LASD parent announces run for school board

Ellie Van Houtte/Town Crier
Los Altos School District Board of Trustees candidate Sangeeth Peruri asks Covington School students for feedback on education issues.

The race for a seat on the Los Altos School District Board of Trustees is off to an early start as a second candidate announced his intention to run in the November election.

Covington parent Sangeeth Peruri joins Martha McClatchie in the race. McClatchie in April declared her intent to run.

Advancing the curriculum

Peruri, who said he has been interested in running for the school board since 2012, recently sat down with the Town Crier to introduce himself.

He moved to Los Altos in 2010 with his wife, Sindhu; son, Raghav, a first-grader at Covington School; and daughter, Isha, a preschooler.

Peruri’s professional background spans the investment industry, but he has spent the past two years serving on the boards of educational nonprofit organizations, including Beyond 12 and the Boys and Girls Clubs of the Peninsula.

“I spend the majority of my time working on how to improve education, and I want to bring that learning to the district,” he said.

Peruri also volunteers in the district, helping the Covington PTA organize fundraising and auctions, and serving on the Covington Site Council and the district’s Technology and Curriculum committees.

“I want to support the district more actively in delivering a world-class K-8 education for our kids,” Peruri said. “I want to preserve what we have and make it even better through experimentation and innovation. That’s my No. 1 driver – advancing the curriculum.”

He added that he believes in the district’s small-school model, with smaller schools producing better educational outcomes. He said one of the district’s obstacles is limited space for students – including those at Bullis Charter School.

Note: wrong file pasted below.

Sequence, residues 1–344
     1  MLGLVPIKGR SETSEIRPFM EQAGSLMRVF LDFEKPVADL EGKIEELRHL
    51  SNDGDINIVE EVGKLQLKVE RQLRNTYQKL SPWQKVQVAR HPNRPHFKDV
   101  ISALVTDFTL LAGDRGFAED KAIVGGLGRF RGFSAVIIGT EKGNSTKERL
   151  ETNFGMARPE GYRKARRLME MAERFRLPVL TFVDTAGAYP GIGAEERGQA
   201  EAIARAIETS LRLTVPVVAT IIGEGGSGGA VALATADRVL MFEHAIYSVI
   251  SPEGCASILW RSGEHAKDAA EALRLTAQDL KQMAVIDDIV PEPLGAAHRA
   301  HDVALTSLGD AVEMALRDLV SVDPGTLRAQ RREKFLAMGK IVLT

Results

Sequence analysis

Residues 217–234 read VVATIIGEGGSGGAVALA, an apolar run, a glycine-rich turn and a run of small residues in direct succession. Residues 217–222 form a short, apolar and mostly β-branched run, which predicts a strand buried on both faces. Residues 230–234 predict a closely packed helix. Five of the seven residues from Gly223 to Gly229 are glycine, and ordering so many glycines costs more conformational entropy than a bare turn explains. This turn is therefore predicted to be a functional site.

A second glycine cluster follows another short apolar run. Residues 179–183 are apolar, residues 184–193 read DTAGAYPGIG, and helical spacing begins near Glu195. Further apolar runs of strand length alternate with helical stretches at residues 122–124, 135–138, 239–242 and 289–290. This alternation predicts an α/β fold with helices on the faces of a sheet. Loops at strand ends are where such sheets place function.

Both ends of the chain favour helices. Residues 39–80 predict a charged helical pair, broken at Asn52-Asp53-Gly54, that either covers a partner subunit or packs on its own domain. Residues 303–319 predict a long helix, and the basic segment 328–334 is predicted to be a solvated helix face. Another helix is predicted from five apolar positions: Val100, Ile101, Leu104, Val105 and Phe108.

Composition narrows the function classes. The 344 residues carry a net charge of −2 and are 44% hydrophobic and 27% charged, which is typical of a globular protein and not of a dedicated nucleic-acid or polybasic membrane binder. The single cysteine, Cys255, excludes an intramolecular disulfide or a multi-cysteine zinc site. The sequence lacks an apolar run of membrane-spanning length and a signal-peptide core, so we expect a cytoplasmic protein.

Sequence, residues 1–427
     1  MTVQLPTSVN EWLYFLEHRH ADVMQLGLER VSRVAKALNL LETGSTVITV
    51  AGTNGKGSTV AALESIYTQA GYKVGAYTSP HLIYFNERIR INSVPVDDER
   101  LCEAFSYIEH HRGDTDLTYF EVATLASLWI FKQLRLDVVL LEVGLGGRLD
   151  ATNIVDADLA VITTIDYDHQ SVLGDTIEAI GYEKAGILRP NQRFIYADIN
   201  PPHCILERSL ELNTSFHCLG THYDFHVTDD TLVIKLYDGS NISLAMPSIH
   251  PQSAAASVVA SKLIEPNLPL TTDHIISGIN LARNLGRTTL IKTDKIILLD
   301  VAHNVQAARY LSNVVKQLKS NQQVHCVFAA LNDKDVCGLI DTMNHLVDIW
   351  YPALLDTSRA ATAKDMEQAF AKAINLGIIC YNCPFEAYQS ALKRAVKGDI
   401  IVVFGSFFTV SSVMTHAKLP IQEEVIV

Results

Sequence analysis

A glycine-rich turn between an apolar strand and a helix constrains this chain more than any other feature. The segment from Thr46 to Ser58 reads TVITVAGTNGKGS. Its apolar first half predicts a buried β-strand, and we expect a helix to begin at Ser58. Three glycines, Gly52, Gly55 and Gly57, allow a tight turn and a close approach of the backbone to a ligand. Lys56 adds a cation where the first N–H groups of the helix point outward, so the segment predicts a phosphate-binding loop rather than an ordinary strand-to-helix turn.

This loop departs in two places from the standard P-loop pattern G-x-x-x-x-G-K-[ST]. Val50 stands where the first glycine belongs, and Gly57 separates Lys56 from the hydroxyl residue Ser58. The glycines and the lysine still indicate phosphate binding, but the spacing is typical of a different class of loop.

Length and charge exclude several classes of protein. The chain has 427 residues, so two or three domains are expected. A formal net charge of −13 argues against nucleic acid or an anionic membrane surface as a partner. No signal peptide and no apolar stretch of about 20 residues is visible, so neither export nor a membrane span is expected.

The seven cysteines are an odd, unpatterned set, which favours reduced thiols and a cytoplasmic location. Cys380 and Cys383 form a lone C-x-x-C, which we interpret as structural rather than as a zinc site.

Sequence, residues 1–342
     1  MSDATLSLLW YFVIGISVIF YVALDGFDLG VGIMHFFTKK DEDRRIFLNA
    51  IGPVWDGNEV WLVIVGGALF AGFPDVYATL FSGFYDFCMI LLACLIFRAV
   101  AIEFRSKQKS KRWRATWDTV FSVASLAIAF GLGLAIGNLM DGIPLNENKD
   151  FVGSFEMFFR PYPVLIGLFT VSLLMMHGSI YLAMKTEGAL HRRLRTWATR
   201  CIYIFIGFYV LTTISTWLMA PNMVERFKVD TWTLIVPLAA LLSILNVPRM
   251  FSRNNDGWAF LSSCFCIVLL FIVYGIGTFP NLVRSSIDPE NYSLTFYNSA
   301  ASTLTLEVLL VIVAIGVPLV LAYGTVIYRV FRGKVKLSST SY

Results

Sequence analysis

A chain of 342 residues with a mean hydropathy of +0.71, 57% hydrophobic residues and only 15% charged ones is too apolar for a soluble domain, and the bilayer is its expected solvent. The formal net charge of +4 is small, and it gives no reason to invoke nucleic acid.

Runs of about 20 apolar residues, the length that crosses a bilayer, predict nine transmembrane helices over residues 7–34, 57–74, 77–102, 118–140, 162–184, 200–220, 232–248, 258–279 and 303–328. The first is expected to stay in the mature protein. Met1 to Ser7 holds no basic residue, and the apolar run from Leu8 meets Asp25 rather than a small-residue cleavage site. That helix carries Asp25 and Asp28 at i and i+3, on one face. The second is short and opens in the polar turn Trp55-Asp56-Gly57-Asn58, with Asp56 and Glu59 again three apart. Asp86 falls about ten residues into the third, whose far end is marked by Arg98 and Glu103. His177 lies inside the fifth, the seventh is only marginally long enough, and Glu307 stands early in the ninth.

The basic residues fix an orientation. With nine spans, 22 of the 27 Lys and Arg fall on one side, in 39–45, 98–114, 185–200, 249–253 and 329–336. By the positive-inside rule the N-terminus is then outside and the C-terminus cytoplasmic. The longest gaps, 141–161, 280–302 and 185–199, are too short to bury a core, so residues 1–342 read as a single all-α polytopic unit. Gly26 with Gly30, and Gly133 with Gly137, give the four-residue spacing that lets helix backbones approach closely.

“I think one of the big problems we’ve had in resolving (the facilities) dispute is we’re blessed in Los Altos to have two very good school systems in Bullis Charter School and the district,” he said. “They have attracted a lot of students and families to the district. When you have a fixed amount of space and a growing amount of students, it’s going to be a difficult problem, no matter how you slice it. Even without Bullis Charter School, there would have been a lot of issues in terms of figuring out where to put all our students.”

Peruri said that since the economy has improved, more local residents seem willing to pass a November facilities bond that could help quell some of the disagreements between the charter school and the district.

For the past two years, Peruri said, he has met with constituents from all sides – including charter school board members, parents and teachers as well as the district community.

“My campaign slogan is ‘Empathy, Understanding, Progress,’ and my belief is through empathy comes progress. And so what I do is try to understand everyone’s perspective,” he said. “This is not just relating to (the district) and the charter school, this is relating to how we educate our kids. … If you understand everyone’s perspective, then you can put together something that is fabulous.”

Peruri’s primary focus remains on advancing education.

“I feel we are in a very good position, where the district is on stable footing (financially), and now we can focus on really revamping the education,” he said. “There is obviously consternation and struggles and not a lot of clarity on how we are going to solve issues with the charter school, but aside from the facilities issues, in terms of actually educating our students, I feel we have a really good vision and I want to drive that forward.”

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